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*This date marks Independence Day for the African Country Zanzibar in 1961. We chose this date to celebrate the birth of Tippu Tip circa 1832. He was a Swahili Zanzibar slave owner and slave trader to European colonists.
It is believed that Tippu Tip was born in Zanzibar; his birth name was Hamad bin Muhammad bin Juma bin Rajab el Murjebi. However, he was more commonly known as Tippu Tib, which translates to "the gatherer together of wealth." His mother, Bint Habib bin Bashir, was a Muscat Arab of the ruling class. His father and paternal grandfather were coastal Swahili who had taken part in the earliest trading expeditions to the interior.
His paternal great-grandmother, wife of Rajab bin Mohammed bin Said el Murgebi, was the daughter of Juma bin Mohammed el Nebhani, a member of a respected Muscat (Oman) family, and a Bantu woman from the village of Mbwa Maji, a small village south of what would later become the German capital of Dar es Salaam. Tip himself was a well-bred carriage with a "Negroid" countenance. He was given the nickname Tippu Tip after the "tiptip" sound that his guns gave off during expeditions in Chungu territory.
At a relatively young age, Tip led a group of about 100 men into Central Africa, seeking slaves and ivory. After plundering several large swathes of land, he returned to Zanzibar to consolidate his resources and recruit for his forces. Following this, he returned to mainland Africa. Tippu Tip built a trading empire, using the profits to establish clove plantations on Zanzibar. Abdul Sheriff reported that when he left for his twelve years of "empire building" on the mainland, he had no plantations. By 1895, he had acquired "seven 'shambas' [plantations] and 10,000 slaves". He helped several white-European explorers of the African continent, including David Livingstone and Henry Morton Stanley.
After the Berlin Conference, between 1884 and 1887, he claimed the Eastern Congo for himself and for the Sultan of Zanzibar, Bargash bin Said el Busaidi. Despite his position as protector of Zanzibar's interests in Congo, he managed to maintain good relations with the Europeans. When, in August 1886, fighting broke out between the Swahili and the representatives of King Leopold II of Belgium at Stanley Falls, al-Murjabī went to the Belgian consul at Zanzibar to assure him of his "good intentions." Although he was still a force in Central African politics, he could see by 1886 that power in the region was shifting.
In 1886, while Tippu Tip was in Zanzibar, a dispute arose between his fort at Stanley Falls and a smaller, nearby Congo Free Statefort led by Captain Walter Deane and Lt. Dubois. Tip's men at the Stanley Falls fort alleged that Deane had stolen a slave woman from an Arab officer there. Deane asserted that the girl had fled after being badly beaten by her master and that he had only offered her refuge. Tip's men attacked the fort, and after a four-day siege, the defenders ran out of ammunition and fled, abandoning the fort. The Free State made no counterattack, and Tip began to move more men into the Congo, including several Arab slave captains and some Congolese leaders, such as Gongo Lutete.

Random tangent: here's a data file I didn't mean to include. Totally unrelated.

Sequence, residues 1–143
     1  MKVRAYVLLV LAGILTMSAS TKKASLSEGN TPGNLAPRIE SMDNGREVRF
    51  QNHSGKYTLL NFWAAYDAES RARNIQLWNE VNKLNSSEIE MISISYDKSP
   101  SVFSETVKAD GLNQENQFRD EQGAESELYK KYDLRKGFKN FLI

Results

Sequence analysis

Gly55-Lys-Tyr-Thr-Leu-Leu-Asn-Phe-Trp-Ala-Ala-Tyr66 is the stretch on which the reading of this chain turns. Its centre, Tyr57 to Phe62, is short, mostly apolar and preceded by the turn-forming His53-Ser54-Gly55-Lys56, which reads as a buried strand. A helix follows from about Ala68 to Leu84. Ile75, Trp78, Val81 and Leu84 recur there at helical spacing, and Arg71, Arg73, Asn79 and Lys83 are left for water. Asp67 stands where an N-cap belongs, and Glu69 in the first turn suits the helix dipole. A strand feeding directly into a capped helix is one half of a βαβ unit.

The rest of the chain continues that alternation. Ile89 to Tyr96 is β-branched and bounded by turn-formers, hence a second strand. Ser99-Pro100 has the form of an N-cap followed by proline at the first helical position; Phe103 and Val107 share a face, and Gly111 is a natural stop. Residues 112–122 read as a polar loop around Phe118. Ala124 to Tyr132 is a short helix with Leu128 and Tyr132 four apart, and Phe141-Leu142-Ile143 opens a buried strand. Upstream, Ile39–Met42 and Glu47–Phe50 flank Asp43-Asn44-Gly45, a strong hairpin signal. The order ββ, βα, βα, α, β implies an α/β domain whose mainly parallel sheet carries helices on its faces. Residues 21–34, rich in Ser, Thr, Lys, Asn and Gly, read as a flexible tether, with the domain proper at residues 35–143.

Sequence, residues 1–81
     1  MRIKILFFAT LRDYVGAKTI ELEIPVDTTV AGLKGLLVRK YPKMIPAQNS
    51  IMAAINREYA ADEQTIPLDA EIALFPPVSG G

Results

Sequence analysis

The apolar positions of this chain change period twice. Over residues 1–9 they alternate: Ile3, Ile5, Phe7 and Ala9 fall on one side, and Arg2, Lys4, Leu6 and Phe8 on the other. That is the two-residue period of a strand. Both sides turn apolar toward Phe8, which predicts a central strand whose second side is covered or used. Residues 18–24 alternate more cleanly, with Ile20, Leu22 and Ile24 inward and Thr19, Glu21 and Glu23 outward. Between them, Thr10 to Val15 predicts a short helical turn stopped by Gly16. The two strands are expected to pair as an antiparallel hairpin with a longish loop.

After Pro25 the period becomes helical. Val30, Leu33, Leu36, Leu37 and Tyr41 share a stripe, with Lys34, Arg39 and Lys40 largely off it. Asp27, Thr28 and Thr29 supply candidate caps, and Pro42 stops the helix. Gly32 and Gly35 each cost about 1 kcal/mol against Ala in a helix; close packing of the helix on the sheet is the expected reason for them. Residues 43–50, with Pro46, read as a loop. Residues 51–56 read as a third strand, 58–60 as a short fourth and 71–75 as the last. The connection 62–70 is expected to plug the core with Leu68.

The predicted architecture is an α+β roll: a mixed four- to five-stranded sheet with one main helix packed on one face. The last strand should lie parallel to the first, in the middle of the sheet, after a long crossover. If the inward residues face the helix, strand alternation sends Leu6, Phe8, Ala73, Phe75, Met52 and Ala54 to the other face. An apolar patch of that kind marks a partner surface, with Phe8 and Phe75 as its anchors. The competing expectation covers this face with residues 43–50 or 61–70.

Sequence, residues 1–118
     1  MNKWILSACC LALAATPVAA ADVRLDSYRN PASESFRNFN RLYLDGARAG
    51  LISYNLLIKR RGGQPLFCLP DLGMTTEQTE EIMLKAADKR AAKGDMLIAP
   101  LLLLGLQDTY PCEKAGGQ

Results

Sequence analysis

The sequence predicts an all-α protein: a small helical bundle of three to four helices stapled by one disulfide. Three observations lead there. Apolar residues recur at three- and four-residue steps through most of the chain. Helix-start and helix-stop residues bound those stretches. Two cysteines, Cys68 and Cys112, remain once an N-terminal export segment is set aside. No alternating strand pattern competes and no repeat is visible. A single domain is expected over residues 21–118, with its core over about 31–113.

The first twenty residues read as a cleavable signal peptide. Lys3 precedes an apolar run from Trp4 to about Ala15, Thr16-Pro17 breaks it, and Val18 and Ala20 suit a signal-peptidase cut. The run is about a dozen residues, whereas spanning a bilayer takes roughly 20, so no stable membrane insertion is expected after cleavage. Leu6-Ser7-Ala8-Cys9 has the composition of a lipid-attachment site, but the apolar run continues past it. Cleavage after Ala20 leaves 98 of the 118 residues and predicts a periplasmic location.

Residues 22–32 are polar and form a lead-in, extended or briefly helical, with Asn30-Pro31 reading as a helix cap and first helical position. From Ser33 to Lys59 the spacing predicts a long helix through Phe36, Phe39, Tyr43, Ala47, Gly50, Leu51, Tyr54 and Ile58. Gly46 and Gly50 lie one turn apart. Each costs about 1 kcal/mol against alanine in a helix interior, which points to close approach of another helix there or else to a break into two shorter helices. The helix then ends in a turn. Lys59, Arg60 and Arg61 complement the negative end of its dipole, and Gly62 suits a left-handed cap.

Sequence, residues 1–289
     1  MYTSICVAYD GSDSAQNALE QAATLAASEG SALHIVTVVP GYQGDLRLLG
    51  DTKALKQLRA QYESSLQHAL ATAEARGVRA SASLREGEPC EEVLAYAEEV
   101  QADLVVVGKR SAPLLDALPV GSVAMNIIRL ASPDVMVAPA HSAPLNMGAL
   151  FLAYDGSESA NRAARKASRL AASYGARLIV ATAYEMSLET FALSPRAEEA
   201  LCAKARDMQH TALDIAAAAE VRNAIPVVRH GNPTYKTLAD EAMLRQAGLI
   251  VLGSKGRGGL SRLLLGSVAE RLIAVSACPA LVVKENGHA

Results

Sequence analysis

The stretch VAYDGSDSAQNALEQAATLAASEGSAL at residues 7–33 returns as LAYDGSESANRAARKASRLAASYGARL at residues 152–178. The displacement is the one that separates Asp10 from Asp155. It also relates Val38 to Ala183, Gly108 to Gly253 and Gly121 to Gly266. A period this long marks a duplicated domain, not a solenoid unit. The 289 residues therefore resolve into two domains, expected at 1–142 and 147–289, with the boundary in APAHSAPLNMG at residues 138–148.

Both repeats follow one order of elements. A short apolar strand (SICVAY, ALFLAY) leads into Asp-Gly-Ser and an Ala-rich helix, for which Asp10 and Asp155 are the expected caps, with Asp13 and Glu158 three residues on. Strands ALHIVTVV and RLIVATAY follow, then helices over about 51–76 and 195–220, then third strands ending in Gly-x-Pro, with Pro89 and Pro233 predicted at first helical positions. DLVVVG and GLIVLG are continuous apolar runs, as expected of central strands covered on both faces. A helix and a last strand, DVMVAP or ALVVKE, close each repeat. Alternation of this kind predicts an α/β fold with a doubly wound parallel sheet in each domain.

During his tenure as governor, the Congo-Arab War broke out. In early 1887, Stanley proposed that Tippu Tip be governor of the Stanley Falls District in the Congo Free State. Leopold and Sultan Barghash bin Said of Zanzibar agreed, and Tippu Tip accepted. At the same time, he agreed to man the expedition to rescue the German governor of Equatoria (a region of Ottoman Egypt today in South Sudan). The latter had been stranded in the Bahr el Ghazal area due to the Mahdi uprising in Sudan. Tip traveled back to the Upper Congo in the company of Stanley, but this time by way of the Atlantic coast and up the Congo River. Aside from its doubtful usefulness, the relief expedition was marred by nearly annihilating its rearguard; a disaster Stanley attempted to blame Tip.
Around 1890/91, he returned to Zanzibar, where he retired. His son, Sefu, carried on the war. Tippu Tip wrote his autobiography, the first example of this literary genre in the Bantu Swahili language. Dr. Heinrich Brode, who knew him in Zanzibar, transcribed the manuscript into Roman script and German. It was translated into English and published in Britain in 1907. Tippu Tip died June 13, 1905, of malaria in his home in Stone Town, the main town on the island of Zanzibar.